Florida transgender teen wins lawsuit against school board

A Florida teen won a lawsuit against the St. Johns County School Board and now can use the boys' bathroom.
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A Florida teen won a lawsuit against the St. Johns County School Board and now can use the boys' bathroom.

Credit: Morguefile

Credit: Morguefile

A federal judge ruled in favor of a Florida high school student who sued the St. Johns County School Board over claims of discrimination.

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Drew Adams, 17, who is transgender, will head into his senior year at Nease High School knowing he can use the bathroom of his choice.

“I can go into my senior year focusing on college applications, IB testing instead of lawsuits,” Adams said. “Now I can finally be like any other kid at my school, like any other boy, and I’m really excited about that.”

A federal judge said he can now use the boys' bathroom,

“I’ve been all smiles,” Adams said.

Last June, Adams and his mother sued the St. Johns County School Board after he was told he could only use the gender neutral or girls' restroom.

Adams used the boys' restroom when he started his freshman year at Nease without any incident. At some point, Adams said someone anonymously reported that he was using the boys’ restroom, and he was no longer able to use it.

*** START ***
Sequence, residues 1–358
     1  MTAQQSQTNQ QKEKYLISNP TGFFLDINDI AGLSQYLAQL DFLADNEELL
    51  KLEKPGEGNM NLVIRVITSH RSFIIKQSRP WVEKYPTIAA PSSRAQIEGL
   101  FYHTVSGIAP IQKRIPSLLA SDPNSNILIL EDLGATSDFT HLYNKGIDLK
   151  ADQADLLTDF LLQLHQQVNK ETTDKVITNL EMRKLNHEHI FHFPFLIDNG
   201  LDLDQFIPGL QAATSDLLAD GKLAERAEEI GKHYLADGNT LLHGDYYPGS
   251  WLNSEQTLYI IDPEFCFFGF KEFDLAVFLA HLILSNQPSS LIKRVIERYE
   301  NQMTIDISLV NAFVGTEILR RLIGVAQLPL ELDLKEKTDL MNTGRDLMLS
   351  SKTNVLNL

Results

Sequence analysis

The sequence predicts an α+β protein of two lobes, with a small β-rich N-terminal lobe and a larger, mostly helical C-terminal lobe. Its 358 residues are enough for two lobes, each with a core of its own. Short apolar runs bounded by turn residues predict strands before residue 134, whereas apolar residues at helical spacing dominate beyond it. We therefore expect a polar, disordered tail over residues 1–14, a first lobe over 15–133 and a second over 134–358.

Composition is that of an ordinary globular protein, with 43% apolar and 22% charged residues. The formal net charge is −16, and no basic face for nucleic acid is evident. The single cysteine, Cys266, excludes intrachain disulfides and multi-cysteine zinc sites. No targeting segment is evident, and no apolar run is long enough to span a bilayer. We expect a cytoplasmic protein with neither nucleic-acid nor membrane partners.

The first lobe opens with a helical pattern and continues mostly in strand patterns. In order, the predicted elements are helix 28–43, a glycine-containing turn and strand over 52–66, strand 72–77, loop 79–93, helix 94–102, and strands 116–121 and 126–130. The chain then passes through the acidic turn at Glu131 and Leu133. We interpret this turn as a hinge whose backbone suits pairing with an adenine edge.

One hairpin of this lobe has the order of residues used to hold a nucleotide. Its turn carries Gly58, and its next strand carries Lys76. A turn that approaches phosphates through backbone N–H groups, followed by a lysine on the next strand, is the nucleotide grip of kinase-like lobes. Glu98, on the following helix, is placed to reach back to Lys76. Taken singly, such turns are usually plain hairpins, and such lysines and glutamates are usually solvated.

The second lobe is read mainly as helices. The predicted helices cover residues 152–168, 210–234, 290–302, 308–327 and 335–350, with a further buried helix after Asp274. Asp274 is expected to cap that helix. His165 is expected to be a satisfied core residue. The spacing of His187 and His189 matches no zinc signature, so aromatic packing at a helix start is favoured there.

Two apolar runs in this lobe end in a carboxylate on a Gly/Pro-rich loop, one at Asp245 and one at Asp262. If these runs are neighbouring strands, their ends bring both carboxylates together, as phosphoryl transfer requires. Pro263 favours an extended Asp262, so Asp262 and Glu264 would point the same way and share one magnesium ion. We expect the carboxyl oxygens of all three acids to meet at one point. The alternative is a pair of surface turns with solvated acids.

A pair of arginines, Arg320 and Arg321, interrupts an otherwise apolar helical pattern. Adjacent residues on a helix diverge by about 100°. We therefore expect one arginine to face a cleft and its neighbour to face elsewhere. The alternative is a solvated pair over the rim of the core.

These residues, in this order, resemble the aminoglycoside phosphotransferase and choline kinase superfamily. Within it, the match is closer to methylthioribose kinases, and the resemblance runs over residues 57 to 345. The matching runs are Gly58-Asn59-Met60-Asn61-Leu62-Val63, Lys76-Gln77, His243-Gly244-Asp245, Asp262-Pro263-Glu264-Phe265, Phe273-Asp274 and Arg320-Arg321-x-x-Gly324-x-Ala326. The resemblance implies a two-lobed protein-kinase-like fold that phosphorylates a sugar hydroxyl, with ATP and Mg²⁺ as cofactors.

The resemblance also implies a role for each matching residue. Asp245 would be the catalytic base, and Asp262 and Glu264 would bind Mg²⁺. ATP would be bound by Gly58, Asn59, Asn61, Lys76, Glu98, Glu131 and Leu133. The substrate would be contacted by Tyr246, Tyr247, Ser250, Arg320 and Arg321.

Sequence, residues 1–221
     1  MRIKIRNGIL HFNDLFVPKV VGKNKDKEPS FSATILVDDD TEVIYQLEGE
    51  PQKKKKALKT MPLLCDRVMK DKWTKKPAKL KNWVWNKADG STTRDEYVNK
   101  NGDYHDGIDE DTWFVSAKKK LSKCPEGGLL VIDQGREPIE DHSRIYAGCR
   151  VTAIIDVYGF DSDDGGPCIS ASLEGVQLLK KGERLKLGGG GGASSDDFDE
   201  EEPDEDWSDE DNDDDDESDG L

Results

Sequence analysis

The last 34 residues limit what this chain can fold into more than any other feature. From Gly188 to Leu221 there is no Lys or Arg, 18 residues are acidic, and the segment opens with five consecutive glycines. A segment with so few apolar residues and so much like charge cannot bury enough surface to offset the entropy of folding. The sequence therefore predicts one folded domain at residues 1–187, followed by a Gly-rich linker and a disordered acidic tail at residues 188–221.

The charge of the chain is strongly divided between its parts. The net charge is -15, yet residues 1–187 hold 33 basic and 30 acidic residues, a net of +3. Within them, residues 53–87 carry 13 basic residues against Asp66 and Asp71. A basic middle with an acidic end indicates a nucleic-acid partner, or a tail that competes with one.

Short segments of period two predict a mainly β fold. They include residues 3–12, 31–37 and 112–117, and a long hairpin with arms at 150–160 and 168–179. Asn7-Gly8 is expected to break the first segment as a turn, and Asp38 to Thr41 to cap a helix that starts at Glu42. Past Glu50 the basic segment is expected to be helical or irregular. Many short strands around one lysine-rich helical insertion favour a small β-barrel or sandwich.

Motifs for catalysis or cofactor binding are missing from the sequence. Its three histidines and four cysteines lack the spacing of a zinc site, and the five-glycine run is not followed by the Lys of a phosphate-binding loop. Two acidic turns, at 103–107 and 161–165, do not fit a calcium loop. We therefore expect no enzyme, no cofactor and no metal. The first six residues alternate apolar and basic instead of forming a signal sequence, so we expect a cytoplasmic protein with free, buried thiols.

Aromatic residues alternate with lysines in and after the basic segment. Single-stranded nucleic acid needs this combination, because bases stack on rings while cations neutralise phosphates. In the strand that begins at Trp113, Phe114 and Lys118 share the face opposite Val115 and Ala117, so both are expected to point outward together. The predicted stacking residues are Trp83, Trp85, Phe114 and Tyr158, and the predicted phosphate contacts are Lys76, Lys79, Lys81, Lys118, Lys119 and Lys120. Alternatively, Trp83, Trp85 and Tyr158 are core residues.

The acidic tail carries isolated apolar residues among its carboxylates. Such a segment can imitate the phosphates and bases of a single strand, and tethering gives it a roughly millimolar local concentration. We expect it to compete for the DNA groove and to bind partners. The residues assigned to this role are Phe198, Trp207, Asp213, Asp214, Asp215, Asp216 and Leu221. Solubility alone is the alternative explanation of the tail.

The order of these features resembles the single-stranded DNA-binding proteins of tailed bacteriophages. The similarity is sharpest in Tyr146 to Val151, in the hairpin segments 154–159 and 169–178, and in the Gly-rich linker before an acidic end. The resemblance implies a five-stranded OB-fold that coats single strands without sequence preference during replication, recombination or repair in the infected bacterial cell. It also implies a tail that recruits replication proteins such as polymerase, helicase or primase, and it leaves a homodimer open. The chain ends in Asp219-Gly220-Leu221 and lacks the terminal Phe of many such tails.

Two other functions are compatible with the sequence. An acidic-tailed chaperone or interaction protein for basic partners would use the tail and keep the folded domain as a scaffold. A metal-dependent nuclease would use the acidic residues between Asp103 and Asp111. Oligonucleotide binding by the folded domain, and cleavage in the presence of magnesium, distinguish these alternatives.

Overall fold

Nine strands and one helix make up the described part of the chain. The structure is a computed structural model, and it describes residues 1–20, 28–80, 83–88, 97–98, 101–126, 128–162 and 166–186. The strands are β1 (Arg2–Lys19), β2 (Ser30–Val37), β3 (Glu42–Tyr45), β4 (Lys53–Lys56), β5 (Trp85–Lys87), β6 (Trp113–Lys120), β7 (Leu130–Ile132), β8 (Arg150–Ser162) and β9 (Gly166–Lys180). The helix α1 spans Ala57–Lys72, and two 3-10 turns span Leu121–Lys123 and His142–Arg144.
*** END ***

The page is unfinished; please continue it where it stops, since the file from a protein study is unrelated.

A federal judge disagreed. In his ruling the judge said, “the evidence is that Drew Adams poses no threat to the privacy or safety of his fellow students. When it comes to his use of the bathroom, the law requires that he be treated like any other boy.”

Adams’ attorney, Omar Gonzalez-Pagan, said Thursday’s ruling sets the stage for other transgender cases.

“I think it will show to other school districts across Florida and across the country that they better watch out, and they can’t discriminate (against) transgender students. Otherwise they will be subject to lawsuits because they will be violating the Constitution and federal civil rights law,” he said.

“Today is a reminder for me that we can always have hope, and we always need to have hope,” Adams said.

The school district will have to pay $1,000 in damages and attorney fees to Adams.